Already making over HK$7 million in the Hong Kong box office since its initial release on June 25, Legally Declared Dead <死因無可疑> along with other movies were subsequently forced to halt their theatrical runs due to the third wave of COVID-19 pandemic hitting citywide.
This, in turn, caused cinemas in Hong Kong to shut down until further notice since July 15, marking the second time for the Hong Kong government to do so since its first reopening on May 8.
Fortunately, I’m glad to see Legally Declared Dead <死因無可疑> finally made it to the Malaysian cinemas — which has already premiered since August 20, albeit with little fanfare.
Based on Yusuke Kishi’s 1997’s Japanese novel The Black House, which was previously adapted into both Japanese and Korean films in 1999 and 2007 respectively, the movie centres on a kind-hearted insurance broker Yip Wing-Shun (Carlos Chan), who received a call from a client named Chu Chung-Tak (Anthony Wong) to enquire about compensation for suicidal death.
Then, on the day where Yip visits Chu’s house, he is shocked to discover the corpse of Chu and his wife Shum Chi-Ling’s (Karena Lam) stepson Kafu (Wong Wai-Lung) inside the bedroom.
Although the police eventually confirmed the cause of the child’s death is a suicide, Yip believes that Chu murdered his own stepson for the sake of compensation. Soon, he starts his own investigation to find out the truth about Chu.
First things first, Legally Declared Dead <死因無可疑> boasts a pair of excellent acting showcases from Anthony Wong and Karena Lam. The former brings subtlety to his somewhat odd and mentally-challenged Chu Chung-Tak character, who could have easily gone the overacting route typically associated with such portrayals.
Karena Lam, in the meantime, excels the most as Chu Chung-Tak’s visually impaired wife, Shum Chi-Ling — first as a seemingly quiet and reserved character and manipulative on the other. The kind of disturbing role that reminds me how she used to pull off remarkably well in Soi Cheang’s Home Sweet Home <怪物> (2005).
As for the others, Liu Kai-Chi made good use of his otherwise limited screen time playing a criminal psychology professor while Stephen Au delivers decent support to his sardonic portrayal of a claims adjuster. However, it’s a pity that Kathy Yuen doesn’t fare much in her role as Yip’s university-student girlfriend.
Writer-director Yuen Kim-Wai, whose feature-length directing debut in the Jacky Cheung and Karena Lam-starred 2016 drama Heaven In The Dark <暗色天堂>, made quite an impression venturing into his first psychological-thriller territory. But only to a certain extent, notably how he brings a dread-inducing atmosphere in some of the scenes.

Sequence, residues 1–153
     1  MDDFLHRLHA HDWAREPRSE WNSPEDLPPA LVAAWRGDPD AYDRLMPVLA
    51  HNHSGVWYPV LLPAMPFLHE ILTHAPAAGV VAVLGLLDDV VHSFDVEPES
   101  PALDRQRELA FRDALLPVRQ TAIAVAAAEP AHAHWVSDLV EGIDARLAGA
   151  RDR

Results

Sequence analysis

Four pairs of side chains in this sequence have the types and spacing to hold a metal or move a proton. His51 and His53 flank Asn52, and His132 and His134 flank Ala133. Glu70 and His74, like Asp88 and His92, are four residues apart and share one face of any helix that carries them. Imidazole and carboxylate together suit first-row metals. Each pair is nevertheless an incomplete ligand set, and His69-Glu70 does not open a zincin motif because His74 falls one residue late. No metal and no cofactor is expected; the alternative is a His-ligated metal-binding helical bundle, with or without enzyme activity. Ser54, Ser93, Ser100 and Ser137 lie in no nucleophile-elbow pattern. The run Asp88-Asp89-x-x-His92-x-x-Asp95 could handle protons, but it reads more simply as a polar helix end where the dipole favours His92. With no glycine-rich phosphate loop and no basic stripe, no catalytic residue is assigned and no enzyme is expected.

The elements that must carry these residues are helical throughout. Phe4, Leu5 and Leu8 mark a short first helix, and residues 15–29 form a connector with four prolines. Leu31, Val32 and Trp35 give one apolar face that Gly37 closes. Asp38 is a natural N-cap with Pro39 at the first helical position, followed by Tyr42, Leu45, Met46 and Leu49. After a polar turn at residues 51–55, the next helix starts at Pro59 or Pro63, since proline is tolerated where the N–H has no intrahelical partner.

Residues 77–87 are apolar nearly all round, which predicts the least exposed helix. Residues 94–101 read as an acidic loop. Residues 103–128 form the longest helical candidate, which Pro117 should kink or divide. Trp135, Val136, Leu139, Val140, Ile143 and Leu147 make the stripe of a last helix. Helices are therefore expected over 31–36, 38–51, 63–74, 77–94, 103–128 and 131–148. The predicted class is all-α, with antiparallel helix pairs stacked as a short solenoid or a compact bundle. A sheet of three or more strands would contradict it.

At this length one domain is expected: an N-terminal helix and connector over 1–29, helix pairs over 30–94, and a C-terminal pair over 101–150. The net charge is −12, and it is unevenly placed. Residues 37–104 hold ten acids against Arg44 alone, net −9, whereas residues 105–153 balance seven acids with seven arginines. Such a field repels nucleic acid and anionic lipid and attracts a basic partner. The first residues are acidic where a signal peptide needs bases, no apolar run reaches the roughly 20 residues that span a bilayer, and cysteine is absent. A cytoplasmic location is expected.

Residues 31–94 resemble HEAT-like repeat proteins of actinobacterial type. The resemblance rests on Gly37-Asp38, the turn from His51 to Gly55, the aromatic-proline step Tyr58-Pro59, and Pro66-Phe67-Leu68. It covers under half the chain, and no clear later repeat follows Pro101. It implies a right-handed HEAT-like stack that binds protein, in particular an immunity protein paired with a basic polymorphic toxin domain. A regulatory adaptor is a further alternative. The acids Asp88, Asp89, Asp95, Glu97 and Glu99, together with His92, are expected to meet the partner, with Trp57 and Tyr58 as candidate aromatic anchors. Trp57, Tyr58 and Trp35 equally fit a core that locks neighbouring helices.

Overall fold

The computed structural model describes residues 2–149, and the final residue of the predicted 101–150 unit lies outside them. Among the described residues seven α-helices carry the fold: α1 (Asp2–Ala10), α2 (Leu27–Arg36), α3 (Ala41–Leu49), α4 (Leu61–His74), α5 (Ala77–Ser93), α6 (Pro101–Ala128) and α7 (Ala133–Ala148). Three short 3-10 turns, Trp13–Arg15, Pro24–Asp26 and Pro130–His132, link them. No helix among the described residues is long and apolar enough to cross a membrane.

What’s lacking here is that Yuen tends to dial down his direction, where he could have gone for more in terms of depicting the psychological insights of both protagonist (Carlos Chan’s Yip) and antagonists (Anthony Wong’s Chu and Karena Lam’s Shum). The same goes with the shock values — both implied and in-your-face violence — that could have used some heightening tension to help enliven the movie’s otherwise erratic pace.
Then, there’s the plot, with Yuen spending too much time with unnecessary mundane fillers and passive moments (mostly scenes involved Carlos Chan’s Yip). Speaking of Carlos Chan, he is easily among the weakest links in this movie. Although he looks the part playing a straight-arrow role, Carlos Chan’s largely bland portrayal of an insurance broker doesn’t help much to make us — at least to me — involved or sympathise with his character. The latter refers to Yip’s background story, who used to be traumatised by the death of his brother when he was just a kid. And yet, it’s difficult to neither feel or relate what he has gone through — a clear sign that Carlos’ limited acting ability isn’t cut out for such an emotionally complex role.
Frankly, Legally Declared Dead <死因無可疑> has all the potentials of an intriguing psychological thriller. But Yuen’s haphazard direction, coupled with Carlos Chan’s less-than-engaging lead performance and a half-hearted story could only muster a sporadically entertaining movie.